Two locals were chosen by the Missouri Chamber of Commerce and Industry for the organization's annual leadership program.
Ron Bogart, president of Gold Mechanical Inc., and Ryan DeBoef, chief of staff of Missouri State University, are among 30 people statewide slated to participate in Leadership Missouri, according to a news release.
“We designed Leadership Missouri to elevate the talent of our state’s leadership pool and establish a forum for sharing ideas and best practices," chamber President Dan Mehan said in the release. "Right now, Missouri needs strong leadership to help us confront important economic competitiveness issues. We need leaders who can work across industries and regions to unite our state."
Leadership Missouri this year is hosting its 30th annual class. The program was not held in 2020 due to the coronavirus pandemic.
The seven-month program starts June 16 in St. Louis, with class members also slated to travel to Kansas City, Joplin, Jefferson City, Cape Girardeau and Chillicothe before concluding in Osage Beach, according to the release. Programming is designed to enhance leadership skills and deepen participants' knowledge of the state.
Delays push $4.5M renovation project into 2021.
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Local Musician Barak Hill talks about how he started writing music and earning money from his skills. He says his first motivation to start making money was to get music to pay for itself.
Heather Kite, owner of startup business Rooted Deep Farms, talks about tough times during the winter of 2020-2021. She says determination was a necessary component that kept her going.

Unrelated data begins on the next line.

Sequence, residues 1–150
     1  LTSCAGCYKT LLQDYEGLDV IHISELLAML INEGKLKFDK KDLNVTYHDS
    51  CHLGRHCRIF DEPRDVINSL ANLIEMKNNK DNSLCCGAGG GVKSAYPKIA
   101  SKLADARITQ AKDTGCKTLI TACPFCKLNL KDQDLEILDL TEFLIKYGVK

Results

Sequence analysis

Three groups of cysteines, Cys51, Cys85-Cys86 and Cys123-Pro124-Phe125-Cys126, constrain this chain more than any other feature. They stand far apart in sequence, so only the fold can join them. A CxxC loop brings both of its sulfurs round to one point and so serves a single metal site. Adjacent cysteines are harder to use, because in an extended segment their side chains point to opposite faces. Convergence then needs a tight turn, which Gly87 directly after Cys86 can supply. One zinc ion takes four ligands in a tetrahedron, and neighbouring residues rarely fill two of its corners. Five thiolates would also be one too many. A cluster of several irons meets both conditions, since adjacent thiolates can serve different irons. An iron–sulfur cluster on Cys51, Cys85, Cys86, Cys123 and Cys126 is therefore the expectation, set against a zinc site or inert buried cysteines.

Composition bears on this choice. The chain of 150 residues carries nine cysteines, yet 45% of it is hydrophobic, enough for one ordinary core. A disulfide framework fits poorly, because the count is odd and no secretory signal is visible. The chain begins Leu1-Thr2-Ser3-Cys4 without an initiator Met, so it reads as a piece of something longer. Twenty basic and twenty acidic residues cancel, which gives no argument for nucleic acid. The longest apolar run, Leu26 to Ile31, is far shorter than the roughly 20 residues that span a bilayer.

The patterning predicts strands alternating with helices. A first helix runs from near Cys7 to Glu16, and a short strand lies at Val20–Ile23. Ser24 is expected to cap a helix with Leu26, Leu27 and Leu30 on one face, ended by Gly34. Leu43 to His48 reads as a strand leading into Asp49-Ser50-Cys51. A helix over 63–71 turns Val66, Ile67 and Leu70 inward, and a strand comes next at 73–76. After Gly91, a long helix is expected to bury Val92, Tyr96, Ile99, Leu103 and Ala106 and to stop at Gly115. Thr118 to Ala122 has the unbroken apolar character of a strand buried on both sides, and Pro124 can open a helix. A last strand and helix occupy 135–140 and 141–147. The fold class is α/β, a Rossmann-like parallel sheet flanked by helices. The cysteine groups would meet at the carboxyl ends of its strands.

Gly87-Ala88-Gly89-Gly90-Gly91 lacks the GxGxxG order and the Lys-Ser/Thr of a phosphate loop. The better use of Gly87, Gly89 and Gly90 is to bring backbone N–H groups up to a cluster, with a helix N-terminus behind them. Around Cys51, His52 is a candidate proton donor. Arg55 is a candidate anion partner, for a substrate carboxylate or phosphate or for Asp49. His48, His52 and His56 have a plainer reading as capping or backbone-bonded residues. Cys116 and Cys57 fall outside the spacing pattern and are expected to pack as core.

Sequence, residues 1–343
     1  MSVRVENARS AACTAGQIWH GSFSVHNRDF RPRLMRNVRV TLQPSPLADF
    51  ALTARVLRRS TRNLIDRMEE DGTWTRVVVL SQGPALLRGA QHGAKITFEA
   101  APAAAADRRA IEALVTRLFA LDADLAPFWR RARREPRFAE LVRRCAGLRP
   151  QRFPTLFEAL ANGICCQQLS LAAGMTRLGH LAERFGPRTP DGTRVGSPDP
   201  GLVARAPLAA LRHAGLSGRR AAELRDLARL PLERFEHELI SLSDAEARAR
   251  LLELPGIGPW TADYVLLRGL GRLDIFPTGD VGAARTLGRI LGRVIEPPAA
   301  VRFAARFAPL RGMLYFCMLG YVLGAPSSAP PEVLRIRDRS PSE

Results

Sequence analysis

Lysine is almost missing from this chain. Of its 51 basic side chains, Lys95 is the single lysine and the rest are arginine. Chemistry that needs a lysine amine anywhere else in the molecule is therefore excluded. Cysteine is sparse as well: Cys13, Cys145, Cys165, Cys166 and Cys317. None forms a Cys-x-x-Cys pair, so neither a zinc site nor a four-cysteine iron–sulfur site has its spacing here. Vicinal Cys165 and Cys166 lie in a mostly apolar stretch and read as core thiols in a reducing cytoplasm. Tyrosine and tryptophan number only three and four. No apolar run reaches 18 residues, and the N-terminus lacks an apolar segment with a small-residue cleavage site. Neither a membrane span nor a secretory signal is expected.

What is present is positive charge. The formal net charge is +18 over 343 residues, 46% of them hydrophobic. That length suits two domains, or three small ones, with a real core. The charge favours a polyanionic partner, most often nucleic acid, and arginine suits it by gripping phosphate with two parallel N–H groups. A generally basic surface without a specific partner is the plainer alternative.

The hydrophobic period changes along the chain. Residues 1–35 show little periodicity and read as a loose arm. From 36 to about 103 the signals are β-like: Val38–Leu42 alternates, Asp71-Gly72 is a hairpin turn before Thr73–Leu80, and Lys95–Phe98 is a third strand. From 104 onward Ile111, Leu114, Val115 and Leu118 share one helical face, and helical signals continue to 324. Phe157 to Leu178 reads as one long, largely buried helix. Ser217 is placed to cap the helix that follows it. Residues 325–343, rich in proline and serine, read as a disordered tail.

Jeramey and Julia Henson, co-owners of HM Dentworks Academy, discuss the importance of family in work-life balance. They say you can’t make up for the major life events. HM Dentworks Academy is also co-owned by Chris McWhirter.
Rachel Barks, owner of Artistry Pottery, talks about her struggle with PXE, or Pseudoxanthoma elasticum, a disease that affects the eyes. She says that despite her struggle, she is ultimately thankful.
Jessica Burkland, a Missouri State University business instructor in the Department of Management, talks about small business start-up trends in a post-pandemic year. Burkland, who owns Activate Consulting & Training and volunteers as a small business mentor for SCORE of Southwest Missouri, says startups that offer new services and products to help people work from home or that enhance mental health could find greater success.
Jim and Debbie Meinsen, co-owners of TCI Graphics, say the past year has been one of the toughest they have faced. Now in the company's 50th year, the couple says they learned a few things in 2020.
Charlie Rosenbury, president of Self-Interactive, calls on his experience in programming to illustrate lessons he has learned running a business and life in general. Springfield Business Journal's 90 Ideas is presented by Great Southern Bank.
Darline Mabins talks with SBJ’s Christine Temple about growing up after a tragic accident took the lives of her mother and older brother. Mabins is now the regional branch sales manager for Arvest Bank. No Ceiling is an SBJ podcast, going in depth with local women, sharing their journey to the top of their professions.
Caleb Scott, owner, coach and player for Queen City Insane Asylum semi-professional football team, talks about the ways that the team works to support each other on and off the field. Scott says you can’t force people to become leaders, they have to come naturally.
Steve Williams, owner of Crosstown Barbecue, discusses the role relationships have played throughout the 51 years that Crosstown Barbecue has been in business. He says that while he puts effort into providing the best food he can, ultimately “people like to do business with people they like.”